Thursday, October 20, 2016

Marriage Certificate/License/Registers

Today on my GAA (Genealogy Addicts Anonymous) facebook group, a fellow member was asking about the differences between marriage certificates, licenses, and registers, which one would have more information and which ones we should really have. I've had a little bit of experience tracking marriages and obtaining the documents pertaining to those marriages. So I shared with him my findings. He said it helped make more sense of the different documents so I decided to share what I shared with him. Now, I am in no way an expert, but this is just what I've learned from personal experience.

According to the Genealogical Proof Standard:
Proof is a fundamental concept in genealogy. In order to merit confidence, each conclusion about an ancestor must have sufficient credibility to be accepted as "proved." As stated on the Board for Certification of Genealogy website.
We should always be looking for as many documents that "prove" the facts about our ancestors. In order to draw an accurate conclusion, we must do a reasonably exhaustive search and collect as much data as we can to either prove or disprove the events/facts. So really, the more the merrier. When it comes to proving a marriage, there are many different sources to consider. Depending on the time period and location will determine where to look and what to find. But that is a post for a different day. So far in my research I have run into Marriage Licenses, Marriage Certificates, Marriage Registers and Church Registers. There are more types to consider, but I have not personally run into these. So my post is going to be focused on these topics.

Marriage Licenses vs. Marriage Certificates

A marriage license is a document you must obtain from the county clerk before you get married. A marriage certificate is a document that proves you are married. Typically, couples obtain a marriage license, hold the wedding ceremony, and then have the person who performed the ceremony file a marriage certificate in the appropriate county office within a few days. This may be the office of the county clerk, recorder or registrar, depending on where you live. The married couple will then be sent a certified copy of the marriage certificate. Most states require both spouses, along with the person who officiated and one or two witnesses, to sign the marriage certificate. This is often done just after the ceremony.

Here are some examples of Licenses:

Here are some examples of Certificates

As you can see, licenses have different information than certificates. Both are acceptable forms of proof for marriage. Licenses are easier to locate because they are usually available through the county or state they were married. If they were married in a church, the name of the church (and address) is provided. Sometimes the church does not exist anymore, but the church records can still be found.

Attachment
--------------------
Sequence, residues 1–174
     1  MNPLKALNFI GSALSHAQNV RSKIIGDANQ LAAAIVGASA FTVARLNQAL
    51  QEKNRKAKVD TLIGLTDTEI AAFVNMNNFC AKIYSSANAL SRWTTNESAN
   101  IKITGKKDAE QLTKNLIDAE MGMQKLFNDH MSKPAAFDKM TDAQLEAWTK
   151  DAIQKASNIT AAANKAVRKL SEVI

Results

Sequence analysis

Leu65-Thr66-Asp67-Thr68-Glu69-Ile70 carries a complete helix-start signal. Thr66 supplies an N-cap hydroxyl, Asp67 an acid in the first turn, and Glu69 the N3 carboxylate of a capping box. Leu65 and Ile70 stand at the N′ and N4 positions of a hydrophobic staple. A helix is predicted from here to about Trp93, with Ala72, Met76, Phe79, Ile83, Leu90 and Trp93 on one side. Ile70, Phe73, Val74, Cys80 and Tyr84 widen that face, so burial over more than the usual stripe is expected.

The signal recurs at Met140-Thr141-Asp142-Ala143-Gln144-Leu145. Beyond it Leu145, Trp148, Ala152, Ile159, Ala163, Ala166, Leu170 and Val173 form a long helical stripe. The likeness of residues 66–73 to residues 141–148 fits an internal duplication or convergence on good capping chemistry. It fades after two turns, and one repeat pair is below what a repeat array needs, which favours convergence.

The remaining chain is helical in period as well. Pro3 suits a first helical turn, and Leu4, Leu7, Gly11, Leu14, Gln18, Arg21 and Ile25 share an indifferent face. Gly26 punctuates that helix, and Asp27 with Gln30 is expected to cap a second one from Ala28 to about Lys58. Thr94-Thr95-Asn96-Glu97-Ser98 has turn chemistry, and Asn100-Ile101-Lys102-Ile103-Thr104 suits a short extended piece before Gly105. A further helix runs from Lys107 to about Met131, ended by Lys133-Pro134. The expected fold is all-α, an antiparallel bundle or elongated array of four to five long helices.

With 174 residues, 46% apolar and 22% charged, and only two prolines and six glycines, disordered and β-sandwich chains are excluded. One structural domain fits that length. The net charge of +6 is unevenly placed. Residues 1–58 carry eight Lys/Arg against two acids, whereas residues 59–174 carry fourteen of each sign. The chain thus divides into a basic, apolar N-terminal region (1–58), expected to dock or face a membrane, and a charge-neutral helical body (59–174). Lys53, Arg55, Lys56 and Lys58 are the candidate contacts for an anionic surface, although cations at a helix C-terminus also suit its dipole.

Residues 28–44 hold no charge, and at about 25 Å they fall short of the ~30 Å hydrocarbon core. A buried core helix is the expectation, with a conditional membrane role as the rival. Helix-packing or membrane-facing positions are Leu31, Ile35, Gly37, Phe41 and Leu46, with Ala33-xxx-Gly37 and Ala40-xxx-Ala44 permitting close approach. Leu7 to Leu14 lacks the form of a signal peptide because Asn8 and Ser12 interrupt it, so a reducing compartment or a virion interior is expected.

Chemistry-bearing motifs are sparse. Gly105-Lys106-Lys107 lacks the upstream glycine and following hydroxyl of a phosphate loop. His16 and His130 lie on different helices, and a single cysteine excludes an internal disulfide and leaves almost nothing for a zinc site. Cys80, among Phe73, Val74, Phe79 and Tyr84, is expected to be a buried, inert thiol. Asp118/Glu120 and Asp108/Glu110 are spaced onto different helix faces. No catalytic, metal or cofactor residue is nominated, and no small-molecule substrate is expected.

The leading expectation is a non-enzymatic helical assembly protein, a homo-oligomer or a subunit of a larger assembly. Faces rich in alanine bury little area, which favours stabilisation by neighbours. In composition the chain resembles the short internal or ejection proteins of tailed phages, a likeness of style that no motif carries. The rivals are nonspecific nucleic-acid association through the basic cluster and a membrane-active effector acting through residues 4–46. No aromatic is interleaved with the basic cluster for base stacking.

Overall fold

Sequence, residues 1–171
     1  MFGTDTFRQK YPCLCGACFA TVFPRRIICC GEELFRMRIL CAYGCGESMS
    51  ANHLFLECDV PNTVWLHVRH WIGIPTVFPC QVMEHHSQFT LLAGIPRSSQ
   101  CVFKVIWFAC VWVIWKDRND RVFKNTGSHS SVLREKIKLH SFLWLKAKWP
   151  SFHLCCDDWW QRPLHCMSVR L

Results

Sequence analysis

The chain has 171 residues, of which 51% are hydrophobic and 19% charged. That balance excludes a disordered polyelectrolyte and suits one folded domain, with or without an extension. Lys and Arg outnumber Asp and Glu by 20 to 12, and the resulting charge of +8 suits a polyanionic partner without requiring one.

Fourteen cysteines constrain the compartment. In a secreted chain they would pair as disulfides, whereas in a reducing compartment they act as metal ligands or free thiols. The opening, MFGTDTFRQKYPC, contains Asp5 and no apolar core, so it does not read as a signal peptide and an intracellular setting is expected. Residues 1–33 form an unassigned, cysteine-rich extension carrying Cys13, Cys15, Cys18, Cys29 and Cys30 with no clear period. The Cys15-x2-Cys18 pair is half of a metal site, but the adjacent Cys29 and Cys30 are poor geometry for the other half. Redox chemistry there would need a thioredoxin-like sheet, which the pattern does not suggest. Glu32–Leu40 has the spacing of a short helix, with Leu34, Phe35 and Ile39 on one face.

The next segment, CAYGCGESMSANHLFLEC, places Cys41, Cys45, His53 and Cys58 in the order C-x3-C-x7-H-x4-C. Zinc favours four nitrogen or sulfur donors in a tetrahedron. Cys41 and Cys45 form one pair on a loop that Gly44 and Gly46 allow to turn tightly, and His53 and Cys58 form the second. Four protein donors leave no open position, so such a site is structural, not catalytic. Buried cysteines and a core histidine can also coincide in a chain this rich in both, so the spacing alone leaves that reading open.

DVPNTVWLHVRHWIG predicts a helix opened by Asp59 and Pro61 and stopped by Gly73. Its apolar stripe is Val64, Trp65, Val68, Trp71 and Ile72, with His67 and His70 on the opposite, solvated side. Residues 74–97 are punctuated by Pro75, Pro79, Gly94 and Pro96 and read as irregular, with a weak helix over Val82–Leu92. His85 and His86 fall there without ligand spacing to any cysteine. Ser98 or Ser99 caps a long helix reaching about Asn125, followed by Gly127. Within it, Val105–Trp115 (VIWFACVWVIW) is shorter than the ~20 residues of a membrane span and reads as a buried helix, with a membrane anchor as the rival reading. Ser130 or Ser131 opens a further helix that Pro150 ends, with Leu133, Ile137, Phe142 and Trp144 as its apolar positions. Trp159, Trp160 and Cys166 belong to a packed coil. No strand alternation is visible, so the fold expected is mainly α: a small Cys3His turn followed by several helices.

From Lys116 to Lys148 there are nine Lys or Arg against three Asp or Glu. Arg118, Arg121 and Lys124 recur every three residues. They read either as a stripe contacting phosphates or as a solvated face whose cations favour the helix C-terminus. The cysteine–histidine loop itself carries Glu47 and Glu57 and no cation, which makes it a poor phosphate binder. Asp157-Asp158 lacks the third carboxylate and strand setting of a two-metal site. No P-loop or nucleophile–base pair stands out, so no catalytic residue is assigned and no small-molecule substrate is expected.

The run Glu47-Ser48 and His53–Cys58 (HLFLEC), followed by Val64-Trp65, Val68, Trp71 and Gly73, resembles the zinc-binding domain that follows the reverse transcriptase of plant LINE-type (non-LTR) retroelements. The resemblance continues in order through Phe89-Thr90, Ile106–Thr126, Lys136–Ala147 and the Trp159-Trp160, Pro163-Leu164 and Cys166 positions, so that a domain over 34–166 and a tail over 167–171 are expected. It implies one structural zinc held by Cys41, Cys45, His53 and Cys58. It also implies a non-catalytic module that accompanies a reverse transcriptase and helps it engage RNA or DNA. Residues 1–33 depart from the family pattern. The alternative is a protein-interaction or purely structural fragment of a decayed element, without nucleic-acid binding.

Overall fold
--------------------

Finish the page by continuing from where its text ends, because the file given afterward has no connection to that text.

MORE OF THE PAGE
Marriage Registers

Sometimes, licenses or certificates are not available. That was the case with my great grandparents. Through Family Search, I was able to locate the marriage register that listed my great grandparents. They were married in Michigan. This register was very helpful because it listed the parents of each person and the witnesses present along with dates and places of residence.


Church Registers

If you have a copies of the License or the Certificate, they will sometimes have the Church listed where the marriage was officiated. This will provide more records for your proof. Although you do not need to have those in order to find the church your relative was married in. That was the case with my grandma's first marriage. I could not locate a certificate or license for this marriage, but I had photographic proof it did occur. My aunt gave me the tip of looking at a map of churches at our local library. I found the street where my grandma was living at the time and the nearest churches within the proximity of that location. So I checked the records of those particular churches for any possible evidence of their marriage. Luckily, I found them in the index of one of the churches. That register provided a lot of information that included parents names, churches they attended, maiden names of the mothers, and other details. I had to take multiple photos of the register to make sure I included all the important data.

St. Boniface Church Registry




As you go back father into time, the records get more primitive. They end up being mainly paragraphs of information. Below are some examples:



I hope this has made the differences between Marriage Certificates, Licenses and Registers a little more clear. If you have the opportunity, try to collect all of them. Again, the more proof the better!